I have read over 50 books on writing craft. (Yes, I counted!). So let me save you some time and tell you about the top 5 writing craft books that I keep coming back to.

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1. Save the Cat! Writes a Novel: The Last Book on Novel Writing You’ll Ever Need by Jessica Brody

Save the Cat! Writes a Novel is based on the original Save the Cat method of plotting screenplays by Blake Snyder. While I’m not convinced it lives up to the subtitle of “the last book on novel writing you’ll ever need,” Save the Cat Writes a Novel has earned itself a place on my bookshelf among the craft books I continuously reference as I write.

Its strengths? This book is a must-read for plotting a well-paced novel. It outlines 15 major sections or beats that occur within most stories that create a book readers will love. Also, it breaks each beat down into percentages of your novel – this is invaluable for pacing as it helps to guide approximately how long each section of the plot should be.

Drawbacks: I’ve plotted several novels using this method now and while it helps me find the overall story arc, I find it focuses more on external plot and I end up missing some of the internal conflict of the main character. Ie. What is the main character’s flaw? How does their internal struggle drive the external plot? What does the main character want and what do they need? For those questions, I turn to the next book on this list.

2. Story Genius: How to Use Brain Science to go Beyond Outlining and Write a Riveting Novel by Lisa Cron 

Again, the subtitle feels a little misleading. I didn’t find a lot of “brain science” in this book. However, Cron does guide you in developing a character-driven plot through developing a fully-fleshed-out main character first, then developing how their internal struggle drives the plot.  

I plotted one of my manuscripts using this method (Parallax Error) which turned into my favourite manuscript to write because of the depth of the characters. BUT after completing a first draft, I noticed significant issues with pacing – this is where I went back and consulted Save the Cat! Writes a Novel to be able to visualize where the slow spots were and where I needed to expand.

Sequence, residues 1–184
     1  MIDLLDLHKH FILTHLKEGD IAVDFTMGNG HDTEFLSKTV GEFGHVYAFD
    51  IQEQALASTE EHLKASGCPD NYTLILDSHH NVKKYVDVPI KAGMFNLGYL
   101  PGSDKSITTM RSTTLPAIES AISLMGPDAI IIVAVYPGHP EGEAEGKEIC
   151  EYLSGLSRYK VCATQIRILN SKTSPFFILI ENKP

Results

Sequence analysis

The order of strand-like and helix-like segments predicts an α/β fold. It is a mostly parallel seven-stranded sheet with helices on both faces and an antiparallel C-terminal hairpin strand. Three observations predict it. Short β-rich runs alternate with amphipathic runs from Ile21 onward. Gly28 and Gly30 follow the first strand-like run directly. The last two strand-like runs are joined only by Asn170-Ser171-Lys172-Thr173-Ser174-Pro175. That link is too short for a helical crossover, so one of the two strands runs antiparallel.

Consulting between these two top books will help develop a strong plot with a dynamic character. Win-Win! 

But for the days when you need a little less structure and more of a creative push, my go-to writing craft book is this next one.  

3. Wonderbook: An Illustrated Guild to Creating Imaginative Fiction by Jeff Vandermeer

Finally, a subtitle that lives up to its claims! Wonderbook is geared towards writers of speculative fiction but I believe there’s gold to be mined for any fiction writer. There’s something about seeing plot structure displayed as the peaks and falls of a reptilian beast’s spine that makes my writerly heart happy.  

This book covers everything from how to begin a story to how to revise one and it is packed with creative artwork and inspiration.

4. For writers of non-fiction I recommend You Can’t Make This Stuff Up: The Complete Guide to Writing Creative Nonfiction from Memoir to Literary Journalism and Everything In Between by Lee Gutkind 

Written by the founder of the literary journal Creative Nonfiction, this book is packed full of practical advice on how to go about writing nonfiction. I will be referring back to this book many times as I work on my nonfiction project. 

But what about when you’ve written your manuscript and want some editing guidance? For that, I suggest the following. 

5. Self-Editing For Fiction Writers: How to Edit Yourself Into Print by Dave King and Renni Browne 

This book breaks down the editing process from top-down fixes like point of view and characterization to nitty gritty bits like paragraph length and repetitive words.

I find this book helpful to know what to look for and how to fix it when I’m working on revisions.

So there we have it: My top five recommendations for books on writing craft!

The next two craft books on my To Be Read list are these ones:

  1. Create With Co-Authors: How to Use Effective Collaboration to Level Up Your Writing by Donna Barker, Crystal Hunt, and Eileen Cook

These lovely writers run The Creative Academy for Writers (this is a great resource to check out!) and knowing Eileen Cook’s teaching style, I’m thinking this book with likely be a valuable resource as I embark on co-writing a non-fiction project.

2. Seven Drafts: Self-Edit Like a Pro from Blank Page to Book by Allison Williams

I’ve been searching for a writing craft book with more guidance on the overall editing process for a novel and I’m thinking this one might fit the bill. I’m certainly looking forward to checking it out.

Do you have a favourite writing craft book? What books do you find yourself coming back to for guidance or motivation? Let me know in the comments!

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